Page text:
Big Brother is not only watching you - now he's barking orders too. Britain's first 'talking' CCTV cameras have arrived, publicly berating bad behaviour and shaming offenders into acting more responsibly.

    The system allows control room operators who spot any anti-social acts - from dropping litter to late-night brawls - to send out a verbal warning: 'We are watching you'.
    http://en.wikipedia.org/wiki/Anti-so...ehaviour_order

    Typical ASBOs
    The type of evidence required to obtain is much wider than for criminal cases. Both hearsay evidence and anonymous testimony are admissible as evidence. In order to obtain an ASBO a 2 stage test must be satisfied by the applicant authority, see section 1(1) Crime and Disorder Act 1998. The first is that the Defendant has committed acts causing or likely to cause harassment, alarm or distress within 6 months of the date of issue of the summons and secondly that an order is necessary to protect relevant persons (persons in the local authority or police area) from further anti-social behaviour. The first part of the test requires proof to the criminal standard, i.e. beyond reasonable doubt but the second has no burden or standard or proof only that the court in its judgment or evaulation considers it to be necessary, see R (on th application of McCann and others) v Crown Court at Manchester 2003. An application for an ASBO is considered by the courts in its civil jurisdiction and is a civil order however breach of an ASBO is a criminal offence and result on conviction of up to 5 years imprisonment (2 if a minor). An ASBO may contain any prohibition even if the same is not an anti-social act, e.g. can include a prohibition in entering an area or speaking to named persons. Cases of orders have included:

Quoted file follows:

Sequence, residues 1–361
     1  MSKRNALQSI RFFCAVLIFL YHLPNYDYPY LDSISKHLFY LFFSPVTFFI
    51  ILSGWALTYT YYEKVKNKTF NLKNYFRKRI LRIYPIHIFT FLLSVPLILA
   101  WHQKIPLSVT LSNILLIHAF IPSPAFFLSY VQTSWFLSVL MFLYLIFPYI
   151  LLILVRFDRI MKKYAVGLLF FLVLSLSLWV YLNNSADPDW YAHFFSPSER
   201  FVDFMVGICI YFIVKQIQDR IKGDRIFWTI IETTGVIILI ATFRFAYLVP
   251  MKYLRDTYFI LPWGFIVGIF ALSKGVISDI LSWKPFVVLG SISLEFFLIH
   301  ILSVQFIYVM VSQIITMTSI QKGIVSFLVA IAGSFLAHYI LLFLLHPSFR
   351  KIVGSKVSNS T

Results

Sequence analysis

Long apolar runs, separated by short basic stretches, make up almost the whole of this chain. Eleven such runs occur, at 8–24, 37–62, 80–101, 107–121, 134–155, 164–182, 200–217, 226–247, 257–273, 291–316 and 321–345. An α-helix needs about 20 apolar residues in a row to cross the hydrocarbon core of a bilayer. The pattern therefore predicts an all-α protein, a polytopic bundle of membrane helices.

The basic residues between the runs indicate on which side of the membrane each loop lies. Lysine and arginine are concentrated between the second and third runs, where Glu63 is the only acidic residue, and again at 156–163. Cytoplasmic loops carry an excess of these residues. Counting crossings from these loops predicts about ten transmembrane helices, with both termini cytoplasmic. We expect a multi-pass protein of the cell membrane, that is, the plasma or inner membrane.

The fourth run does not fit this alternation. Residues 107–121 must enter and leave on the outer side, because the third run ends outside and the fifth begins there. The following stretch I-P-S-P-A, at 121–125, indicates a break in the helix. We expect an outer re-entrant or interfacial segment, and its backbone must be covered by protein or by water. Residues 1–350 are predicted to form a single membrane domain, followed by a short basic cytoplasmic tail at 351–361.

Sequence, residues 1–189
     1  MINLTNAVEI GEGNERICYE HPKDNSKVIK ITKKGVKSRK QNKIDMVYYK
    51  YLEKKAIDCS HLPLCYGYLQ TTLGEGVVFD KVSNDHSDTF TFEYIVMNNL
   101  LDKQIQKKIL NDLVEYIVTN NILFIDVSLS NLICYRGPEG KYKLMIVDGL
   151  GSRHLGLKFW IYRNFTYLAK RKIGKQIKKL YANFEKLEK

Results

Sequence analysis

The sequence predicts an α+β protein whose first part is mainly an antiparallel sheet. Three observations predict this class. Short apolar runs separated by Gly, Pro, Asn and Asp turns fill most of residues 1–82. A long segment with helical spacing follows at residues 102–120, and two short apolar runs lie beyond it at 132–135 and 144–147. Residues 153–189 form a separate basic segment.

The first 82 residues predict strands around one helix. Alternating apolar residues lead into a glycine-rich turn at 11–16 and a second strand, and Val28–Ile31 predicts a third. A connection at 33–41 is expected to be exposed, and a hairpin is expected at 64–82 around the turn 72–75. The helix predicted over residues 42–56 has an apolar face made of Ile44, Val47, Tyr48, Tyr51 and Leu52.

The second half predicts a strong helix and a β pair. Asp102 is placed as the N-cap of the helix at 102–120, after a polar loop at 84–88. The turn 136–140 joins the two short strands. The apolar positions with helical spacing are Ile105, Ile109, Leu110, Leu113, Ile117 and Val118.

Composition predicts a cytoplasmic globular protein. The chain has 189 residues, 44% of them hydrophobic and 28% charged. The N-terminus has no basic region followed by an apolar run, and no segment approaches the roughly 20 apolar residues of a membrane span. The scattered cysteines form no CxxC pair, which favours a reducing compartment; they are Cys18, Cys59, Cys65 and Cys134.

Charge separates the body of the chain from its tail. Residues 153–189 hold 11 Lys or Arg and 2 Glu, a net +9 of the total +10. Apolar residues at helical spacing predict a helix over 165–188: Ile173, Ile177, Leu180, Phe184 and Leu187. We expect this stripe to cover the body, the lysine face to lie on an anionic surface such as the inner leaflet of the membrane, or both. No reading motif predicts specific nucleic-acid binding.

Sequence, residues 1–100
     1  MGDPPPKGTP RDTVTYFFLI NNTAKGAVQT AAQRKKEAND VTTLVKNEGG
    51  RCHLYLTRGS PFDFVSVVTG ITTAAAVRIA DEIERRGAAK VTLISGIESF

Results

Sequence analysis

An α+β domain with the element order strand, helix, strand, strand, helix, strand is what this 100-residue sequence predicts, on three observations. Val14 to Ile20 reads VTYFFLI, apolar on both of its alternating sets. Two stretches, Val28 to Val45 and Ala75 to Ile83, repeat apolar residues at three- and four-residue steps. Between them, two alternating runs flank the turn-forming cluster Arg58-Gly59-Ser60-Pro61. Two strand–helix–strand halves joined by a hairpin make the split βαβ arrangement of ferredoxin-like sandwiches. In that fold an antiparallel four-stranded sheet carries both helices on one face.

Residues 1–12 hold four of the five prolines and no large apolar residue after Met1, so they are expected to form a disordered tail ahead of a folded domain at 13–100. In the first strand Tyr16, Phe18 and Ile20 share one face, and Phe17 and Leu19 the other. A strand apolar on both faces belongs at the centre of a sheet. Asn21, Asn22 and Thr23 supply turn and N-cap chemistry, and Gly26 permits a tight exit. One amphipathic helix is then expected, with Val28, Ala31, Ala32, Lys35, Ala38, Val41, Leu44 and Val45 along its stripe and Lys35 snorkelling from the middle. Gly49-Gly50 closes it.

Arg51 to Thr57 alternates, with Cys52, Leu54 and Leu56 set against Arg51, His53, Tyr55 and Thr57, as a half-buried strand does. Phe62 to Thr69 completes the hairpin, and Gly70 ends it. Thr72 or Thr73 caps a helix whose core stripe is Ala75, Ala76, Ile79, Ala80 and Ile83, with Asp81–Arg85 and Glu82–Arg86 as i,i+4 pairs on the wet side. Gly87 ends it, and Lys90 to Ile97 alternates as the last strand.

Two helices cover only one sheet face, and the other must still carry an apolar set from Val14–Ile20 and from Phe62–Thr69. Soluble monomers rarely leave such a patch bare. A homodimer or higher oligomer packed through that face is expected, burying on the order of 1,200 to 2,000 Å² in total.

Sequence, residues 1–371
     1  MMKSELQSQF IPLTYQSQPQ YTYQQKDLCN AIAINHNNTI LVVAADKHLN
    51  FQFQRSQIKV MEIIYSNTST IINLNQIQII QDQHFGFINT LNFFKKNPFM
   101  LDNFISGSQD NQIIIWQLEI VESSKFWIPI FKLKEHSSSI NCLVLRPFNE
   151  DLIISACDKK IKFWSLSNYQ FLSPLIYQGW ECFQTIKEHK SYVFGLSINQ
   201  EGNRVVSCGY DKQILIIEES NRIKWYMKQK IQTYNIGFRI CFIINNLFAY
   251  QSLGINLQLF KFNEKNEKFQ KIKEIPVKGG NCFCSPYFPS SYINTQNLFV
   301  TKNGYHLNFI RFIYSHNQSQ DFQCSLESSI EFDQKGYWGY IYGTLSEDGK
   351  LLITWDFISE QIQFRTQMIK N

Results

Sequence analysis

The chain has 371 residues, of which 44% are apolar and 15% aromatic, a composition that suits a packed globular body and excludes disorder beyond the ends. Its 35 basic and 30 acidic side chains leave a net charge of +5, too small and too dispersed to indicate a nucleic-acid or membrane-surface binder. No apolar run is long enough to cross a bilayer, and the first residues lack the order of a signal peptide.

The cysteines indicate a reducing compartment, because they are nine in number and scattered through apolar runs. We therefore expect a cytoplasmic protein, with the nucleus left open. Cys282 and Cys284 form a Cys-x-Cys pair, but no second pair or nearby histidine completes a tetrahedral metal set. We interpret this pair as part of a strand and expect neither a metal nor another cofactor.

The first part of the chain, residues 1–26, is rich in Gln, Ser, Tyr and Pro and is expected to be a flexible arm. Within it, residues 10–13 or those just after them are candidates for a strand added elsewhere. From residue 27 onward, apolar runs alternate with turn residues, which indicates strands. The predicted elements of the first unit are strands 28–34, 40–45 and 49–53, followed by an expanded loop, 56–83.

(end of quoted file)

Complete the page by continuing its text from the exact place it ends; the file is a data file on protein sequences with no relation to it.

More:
* Vandalism[8]
    * Theft[9]
    * Abusive behaviour[10]
    * Harassment[9]
    * Flyposting[11]
    * Organising illegal raves[12]
    * Begging[13]

    Less conventional uses of ASBOs include:-

    * Recently, a woman given an ASBO preventing her from jumping into rivers, canals or railways.[14] This is because the rescue services were placed at risk when rescuing her from these places whilst she was attempting suicide. Magistrates made her subject to an ASBO, which means that if she attempts suicide again she could be sent to prison.
    * Two teenage boys from east Manchester forbidden to wear one golf glove.[15]
    * A 13-year-old forbidden to use the word "grass".[15]
    * A 17-year-old forbidden to use his front door. [16]
    * An 87-year-old man ordered not to shout, swear or make "sarcastic remarks to neighbours or their visitors".[17]
    * In the centre of Manchester, a group of residents were calling for an ASBO against noisy builders on big construction sites.[18]
    * In 2004 Sony Music and BMG were threatened with anti-social behaviour orders by Camden Borough Council for illegal flyposting[19].
    * Children playing games in Grove Place Estate in Hampstead could receive ASBOs.[20]
    Promote then, as an object of primary importance, institutions for the general diffusion of knowledge. In proportion as the structure of a government gives force to public opinion, it is essential that public opinion should be enlightened.